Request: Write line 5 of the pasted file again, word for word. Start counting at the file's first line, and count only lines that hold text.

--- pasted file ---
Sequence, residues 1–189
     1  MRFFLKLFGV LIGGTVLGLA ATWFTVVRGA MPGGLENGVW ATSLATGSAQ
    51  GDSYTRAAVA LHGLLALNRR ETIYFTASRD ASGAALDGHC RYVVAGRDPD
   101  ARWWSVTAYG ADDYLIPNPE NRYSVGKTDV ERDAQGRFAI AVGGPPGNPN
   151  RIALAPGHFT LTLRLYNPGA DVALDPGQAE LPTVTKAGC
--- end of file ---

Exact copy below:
   151  RIALAPGHFT LTLRLYNPGA DVALDPGQAE LPTVTKAGC